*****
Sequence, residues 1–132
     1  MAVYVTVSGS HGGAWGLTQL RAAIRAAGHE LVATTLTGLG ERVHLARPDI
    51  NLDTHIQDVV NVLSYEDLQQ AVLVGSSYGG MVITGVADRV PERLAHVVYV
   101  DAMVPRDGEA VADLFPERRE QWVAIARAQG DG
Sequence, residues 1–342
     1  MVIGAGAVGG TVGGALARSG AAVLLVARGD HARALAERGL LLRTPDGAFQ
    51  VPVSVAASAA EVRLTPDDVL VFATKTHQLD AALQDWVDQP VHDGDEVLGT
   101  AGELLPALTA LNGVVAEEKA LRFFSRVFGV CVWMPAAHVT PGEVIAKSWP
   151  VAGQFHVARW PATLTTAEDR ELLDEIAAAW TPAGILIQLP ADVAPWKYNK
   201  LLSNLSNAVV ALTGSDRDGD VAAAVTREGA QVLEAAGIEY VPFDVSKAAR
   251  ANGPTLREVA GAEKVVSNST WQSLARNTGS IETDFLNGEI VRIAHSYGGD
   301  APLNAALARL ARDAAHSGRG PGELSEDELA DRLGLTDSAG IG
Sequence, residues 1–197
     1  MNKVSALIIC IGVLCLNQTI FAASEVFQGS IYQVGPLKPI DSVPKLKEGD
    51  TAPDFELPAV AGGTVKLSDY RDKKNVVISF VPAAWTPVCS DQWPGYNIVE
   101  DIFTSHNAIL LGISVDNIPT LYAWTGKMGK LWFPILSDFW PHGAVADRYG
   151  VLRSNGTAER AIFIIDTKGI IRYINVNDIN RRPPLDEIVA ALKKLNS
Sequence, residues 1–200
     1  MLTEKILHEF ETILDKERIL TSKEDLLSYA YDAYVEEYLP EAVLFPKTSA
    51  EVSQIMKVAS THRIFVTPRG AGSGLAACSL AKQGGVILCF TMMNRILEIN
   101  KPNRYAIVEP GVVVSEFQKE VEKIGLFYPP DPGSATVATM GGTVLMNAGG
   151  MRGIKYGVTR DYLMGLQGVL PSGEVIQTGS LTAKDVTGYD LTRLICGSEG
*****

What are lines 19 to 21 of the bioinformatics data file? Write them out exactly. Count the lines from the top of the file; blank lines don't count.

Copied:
     1  MLTEKILHEF ETILDKERIL TSKEDLLSYA YDAYVEEYLP EAVLFPKTSA
    51  EVSQIMKVAS THRIFVTPRG AGSGLAACSL AKQGGVILCF TMMNRILEIN
   101  KPNRYAIVEP GVVVSEFQKE VEKIGLFYPP DPGSATVATM GGTVLMNAGG